Horsetrading at the Council Corral

Two weeks ago, Chapel Hill hired a new planning director, Ben Hitchings,Nancy Oates who came to the April 11 Town Council meeting. Much to my surprise, he did not resign immediately; in fact, he participated in our work session two days later. That says he’s a man undaunted by challenges.

In a nutshell — we embarrassed ourselves, council and planning staff alike. That Monday night meeting revealed some of what needs fixing about our development approval process.

The agenda included Capkov Ventures’ final public hearing on its high-density housing development on 27 acres along Homestead and Merin roads. The plan proposed 62 detached houses sited compactly on tiny lots, plus nine townhouses affordable to people earning 80% to 100% of the Area Median Income, close to but not in compliance with the town’s Inclusionary Zoning Ordinance, which calls for 15% of new construction homes to be affordable to people making from 65% to 80% of the AMI. (I pushed for the developer to comply fully with the Inclusionary Zoning Ordinance, but got no support from other council members.)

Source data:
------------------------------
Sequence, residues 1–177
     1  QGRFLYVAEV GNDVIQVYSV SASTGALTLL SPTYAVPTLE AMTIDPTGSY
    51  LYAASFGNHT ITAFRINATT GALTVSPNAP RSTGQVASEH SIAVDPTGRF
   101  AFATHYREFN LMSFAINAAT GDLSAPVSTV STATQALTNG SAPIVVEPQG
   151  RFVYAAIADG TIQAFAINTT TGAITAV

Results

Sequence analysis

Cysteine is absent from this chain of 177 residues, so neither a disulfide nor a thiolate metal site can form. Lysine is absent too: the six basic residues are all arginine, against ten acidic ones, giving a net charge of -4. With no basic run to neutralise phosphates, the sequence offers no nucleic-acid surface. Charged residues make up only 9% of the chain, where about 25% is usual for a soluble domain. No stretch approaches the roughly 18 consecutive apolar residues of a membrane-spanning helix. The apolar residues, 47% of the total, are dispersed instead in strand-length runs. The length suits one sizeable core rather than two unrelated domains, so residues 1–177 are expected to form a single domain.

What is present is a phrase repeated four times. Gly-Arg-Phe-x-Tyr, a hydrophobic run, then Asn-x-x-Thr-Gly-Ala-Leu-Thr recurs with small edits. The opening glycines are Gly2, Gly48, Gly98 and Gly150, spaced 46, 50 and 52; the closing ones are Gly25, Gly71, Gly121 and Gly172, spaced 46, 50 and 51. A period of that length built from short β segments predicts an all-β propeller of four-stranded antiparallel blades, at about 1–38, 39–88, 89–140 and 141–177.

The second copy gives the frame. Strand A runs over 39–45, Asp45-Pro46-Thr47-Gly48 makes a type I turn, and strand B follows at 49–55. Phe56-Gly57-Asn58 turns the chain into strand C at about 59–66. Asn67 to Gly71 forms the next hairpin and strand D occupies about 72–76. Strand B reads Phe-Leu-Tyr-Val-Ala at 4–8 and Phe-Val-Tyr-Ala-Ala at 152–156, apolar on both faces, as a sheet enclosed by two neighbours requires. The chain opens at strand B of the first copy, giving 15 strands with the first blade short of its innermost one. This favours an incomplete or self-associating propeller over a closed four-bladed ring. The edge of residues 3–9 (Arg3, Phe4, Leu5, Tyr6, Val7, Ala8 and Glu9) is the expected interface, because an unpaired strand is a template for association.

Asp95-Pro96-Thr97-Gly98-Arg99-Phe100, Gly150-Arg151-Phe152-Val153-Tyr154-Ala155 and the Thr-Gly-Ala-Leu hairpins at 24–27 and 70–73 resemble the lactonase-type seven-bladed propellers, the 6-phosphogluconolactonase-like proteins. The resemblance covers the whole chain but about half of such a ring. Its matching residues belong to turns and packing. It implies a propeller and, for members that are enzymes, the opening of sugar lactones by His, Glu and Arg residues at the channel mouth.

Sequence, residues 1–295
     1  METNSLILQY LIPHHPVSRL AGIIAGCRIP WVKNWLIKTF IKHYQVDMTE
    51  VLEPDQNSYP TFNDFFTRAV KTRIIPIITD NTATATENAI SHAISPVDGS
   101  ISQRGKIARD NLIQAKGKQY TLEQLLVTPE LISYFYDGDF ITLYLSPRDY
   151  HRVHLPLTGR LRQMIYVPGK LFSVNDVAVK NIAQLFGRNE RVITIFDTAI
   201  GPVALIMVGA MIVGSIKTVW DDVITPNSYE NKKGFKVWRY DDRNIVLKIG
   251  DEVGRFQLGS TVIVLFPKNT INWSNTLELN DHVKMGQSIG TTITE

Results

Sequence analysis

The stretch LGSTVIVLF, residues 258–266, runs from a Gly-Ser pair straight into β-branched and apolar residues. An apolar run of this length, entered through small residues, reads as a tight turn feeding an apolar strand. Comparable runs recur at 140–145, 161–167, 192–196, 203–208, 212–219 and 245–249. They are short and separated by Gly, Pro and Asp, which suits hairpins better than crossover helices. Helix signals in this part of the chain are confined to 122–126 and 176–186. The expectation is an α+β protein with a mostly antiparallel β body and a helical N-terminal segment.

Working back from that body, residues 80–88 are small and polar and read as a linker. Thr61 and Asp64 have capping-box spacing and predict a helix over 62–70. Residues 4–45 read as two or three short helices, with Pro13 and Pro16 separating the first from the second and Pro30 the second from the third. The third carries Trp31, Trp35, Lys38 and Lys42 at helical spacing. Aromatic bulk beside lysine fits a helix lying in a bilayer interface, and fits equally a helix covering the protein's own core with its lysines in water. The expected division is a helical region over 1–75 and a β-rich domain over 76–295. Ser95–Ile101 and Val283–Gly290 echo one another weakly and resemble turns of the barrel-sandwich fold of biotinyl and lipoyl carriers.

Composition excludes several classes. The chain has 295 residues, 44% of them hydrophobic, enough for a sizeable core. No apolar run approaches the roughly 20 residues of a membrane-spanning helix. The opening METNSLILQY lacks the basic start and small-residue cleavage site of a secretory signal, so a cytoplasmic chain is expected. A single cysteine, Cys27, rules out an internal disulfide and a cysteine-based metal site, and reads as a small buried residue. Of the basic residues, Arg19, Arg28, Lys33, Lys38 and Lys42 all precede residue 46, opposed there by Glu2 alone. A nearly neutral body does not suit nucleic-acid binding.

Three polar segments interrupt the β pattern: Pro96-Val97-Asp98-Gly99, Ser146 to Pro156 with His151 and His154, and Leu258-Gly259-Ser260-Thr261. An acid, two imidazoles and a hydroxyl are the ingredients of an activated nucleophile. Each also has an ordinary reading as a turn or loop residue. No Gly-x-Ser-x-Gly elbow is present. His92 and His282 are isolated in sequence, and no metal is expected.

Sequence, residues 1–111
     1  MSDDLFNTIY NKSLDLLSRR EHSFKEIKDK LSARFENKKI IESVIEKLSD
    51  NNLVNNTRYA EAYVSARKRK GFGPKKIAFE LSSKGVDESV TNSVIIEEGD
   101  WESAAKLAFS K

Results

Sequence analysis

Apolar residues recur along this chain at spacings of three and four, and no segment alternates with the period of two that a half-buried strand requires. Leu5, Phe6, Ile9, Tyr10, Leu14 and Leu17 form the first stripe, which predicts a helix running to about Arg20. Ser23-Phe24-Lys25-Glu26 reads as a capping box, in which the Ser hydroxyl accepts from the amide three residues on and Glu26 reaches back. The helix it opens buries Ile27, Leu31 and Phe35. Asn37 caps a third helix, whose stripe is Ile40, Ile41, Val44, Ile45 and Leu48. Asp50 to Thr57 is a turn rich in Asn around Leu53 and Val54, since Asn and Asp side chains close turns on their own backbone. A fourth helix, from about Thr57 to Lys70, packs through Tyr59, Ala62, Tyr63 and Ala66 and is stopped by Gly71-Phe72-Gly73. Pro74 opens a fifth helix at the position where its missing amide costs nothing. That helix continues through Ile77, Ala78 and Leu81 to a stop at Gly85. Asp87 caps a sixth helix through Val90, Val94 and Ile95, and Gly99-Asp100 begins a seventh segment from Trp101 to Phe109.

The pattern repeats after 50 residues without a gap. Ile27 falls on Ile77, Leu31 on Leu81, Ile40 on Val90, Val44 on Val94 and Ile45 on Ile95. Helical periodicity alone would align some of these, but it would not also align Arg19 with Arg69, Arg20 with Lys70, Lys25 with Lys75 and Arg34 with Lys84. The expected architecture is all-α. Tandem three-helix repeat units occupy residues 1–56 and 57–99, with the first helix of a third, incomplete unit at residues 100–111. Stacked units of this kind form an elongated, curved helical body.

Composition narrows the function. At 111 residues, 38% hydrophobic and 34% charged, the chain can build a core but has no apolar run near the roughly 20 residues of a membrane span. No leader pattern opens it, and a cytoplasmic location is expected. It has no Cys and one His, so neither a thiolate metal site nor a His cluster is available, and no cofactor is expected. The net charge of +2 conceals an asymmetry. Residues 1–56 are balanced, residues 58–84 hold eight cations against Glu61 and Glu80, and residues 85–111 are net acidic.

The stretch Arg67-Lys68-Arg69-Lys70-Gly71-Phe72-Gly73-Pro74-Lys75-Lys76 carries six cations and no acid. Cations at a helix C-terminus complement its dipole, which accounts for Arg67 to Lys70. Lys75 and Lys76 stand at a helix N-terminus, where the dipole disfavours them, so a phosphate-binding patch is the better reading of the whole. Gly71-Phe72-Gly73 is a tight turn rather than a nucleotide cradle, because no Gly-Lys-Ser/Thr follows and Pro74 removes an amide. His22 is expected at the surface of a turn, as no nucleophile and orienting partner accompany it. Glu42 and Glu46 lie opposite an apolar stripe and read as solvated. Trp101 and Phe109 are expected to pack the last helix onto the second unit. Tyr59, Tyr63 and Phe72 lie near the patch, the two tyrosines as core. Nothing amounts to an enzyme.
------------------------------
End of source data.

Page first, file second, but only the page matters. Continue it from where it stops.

Capkov built a nearly identical development in Carrboro, minus the affordable housing piece, some years back that has been tremendously successful, as I believe the Chapel Hill version will be, too, and that will bring value to several of our constituents.

The development partner making the presentation last Monday got off on the wrong foot by promising to be brief but wasn’t. Council became restive. Note to developers: By the time you get to the final public hearing, understand we have seen your project at the concept phase and at advisory board meetings, reviewed your written materials and questioned you at prior public hearings. By the final hearing, best to focus only on what’s changed.